Europe Returns to Coal

A number of power plants in that most progressive of continents take a leap backwards and reintroduces coal

Coal Plant
Melancholic Optimist

In a slow-motion shock to environmentalists worldwide, European countries are turning back to coal to fire new power plants. At a time when India and China are ramping up production in their outdated coal-burning facilities, the last place anyone expected to see a coal resurgence was in the generally progressive nations of Western Europe. Most turning again to coal are hamstrung by record oil and natural gas prices; Italy and Germany have the added stress of having banned new nuclear plants as an alternative. Coal is relatively cheap and widely available, both features absent from oil and natural gas. The global reserves are much deeper as well.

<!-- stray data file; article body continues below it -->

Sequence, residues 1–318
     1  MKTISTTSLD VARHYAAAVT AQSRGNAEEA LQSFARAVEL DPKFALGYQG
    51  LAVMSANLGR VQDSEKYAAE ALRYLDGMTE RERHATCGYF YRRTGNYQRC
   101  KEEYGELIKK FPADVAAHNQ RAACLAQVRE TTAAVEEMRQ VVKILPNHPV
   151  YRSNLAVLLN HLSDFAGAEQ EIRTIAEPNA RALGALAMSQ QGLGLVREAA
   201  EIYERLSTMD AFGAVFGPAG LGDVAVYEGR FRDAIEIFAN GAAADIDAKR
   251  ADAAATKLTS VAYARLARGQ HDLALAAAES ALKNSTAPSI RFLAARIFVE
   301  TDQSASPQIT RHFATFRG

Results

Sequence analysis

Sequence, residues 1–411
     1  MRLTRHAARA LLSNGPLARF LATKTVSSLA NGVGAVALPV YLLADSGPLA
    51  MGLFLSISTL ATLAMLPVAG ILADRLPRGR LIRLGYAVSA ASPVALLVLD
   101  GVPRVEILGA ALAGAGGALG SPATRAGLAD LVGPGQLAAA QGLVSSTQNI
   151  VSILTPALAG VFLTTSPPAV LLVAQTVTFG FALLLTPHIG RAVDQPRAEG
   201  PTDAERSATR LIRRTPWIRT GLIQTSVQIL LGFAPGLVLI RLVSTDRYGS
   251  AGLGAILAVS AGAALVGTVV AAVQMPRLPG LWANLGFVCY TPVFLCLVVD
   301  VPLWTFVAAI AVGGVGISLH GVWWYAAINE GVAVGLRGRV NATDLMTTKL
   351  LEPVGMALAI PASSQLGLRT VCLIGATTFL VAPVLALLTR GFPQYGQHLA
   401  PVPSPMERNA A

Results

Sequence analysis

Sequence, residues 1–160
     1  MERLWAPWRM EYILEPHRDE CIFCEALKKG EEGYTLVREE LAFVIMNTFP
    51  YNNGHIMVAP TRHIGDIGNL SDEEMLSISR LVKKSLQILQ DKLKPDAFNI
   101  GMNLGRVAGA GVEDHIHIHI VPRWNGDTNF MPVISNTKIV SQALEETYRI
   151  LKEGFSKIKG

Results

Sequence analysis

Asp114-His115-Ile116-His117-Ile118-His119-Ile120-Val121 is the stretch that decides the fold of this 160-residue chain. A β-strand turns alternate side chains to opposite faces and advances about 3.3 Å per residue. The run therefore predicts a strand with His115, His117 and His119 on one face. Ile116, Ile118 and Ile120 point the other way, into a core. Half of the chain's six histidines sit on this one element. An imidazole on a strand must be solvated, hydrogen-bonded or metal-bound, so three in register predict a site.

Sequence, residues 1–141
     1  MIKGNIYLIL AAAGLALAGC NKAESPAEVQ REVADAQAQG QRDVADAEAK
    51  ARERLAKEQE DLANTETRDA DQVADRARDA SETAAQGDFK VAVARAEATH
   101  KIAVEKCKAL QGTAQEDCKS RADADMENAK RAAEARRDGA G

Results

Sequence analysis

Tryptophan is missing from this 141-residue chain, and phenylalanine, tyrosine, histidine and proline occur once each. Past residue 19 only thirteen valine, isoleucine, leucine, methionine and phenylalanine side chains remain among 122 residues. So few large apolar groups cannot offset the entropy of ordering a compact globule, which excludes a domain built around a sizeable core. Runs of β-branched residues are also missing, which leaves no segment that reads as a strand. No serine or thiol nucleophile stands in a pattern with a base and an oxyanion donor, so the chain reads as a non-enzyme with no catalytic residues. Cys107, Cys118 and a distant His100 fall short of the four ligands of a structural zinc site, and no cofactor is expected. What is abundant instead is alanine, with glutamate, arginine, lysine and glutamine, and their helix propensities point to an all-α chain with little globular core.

Proponents argue coal is better than it used to be due to "clean coal" technologies. It is something of a misnomer, however, because the "clean" largely applies only to particulate matter and not to carbon emissions. While no one will bemoan a reduction in airborne soot, it's the carbon we don't want getting out. To be fair, the plants on the drawing board are models of waste recycling and efficient cooling, but none of that serves to deter the inevitable warming effect from the plants' exhausts.

So far, 50 plants are on schedule to be opened over the next five years. Each has been given a life expectancy of at least fifty.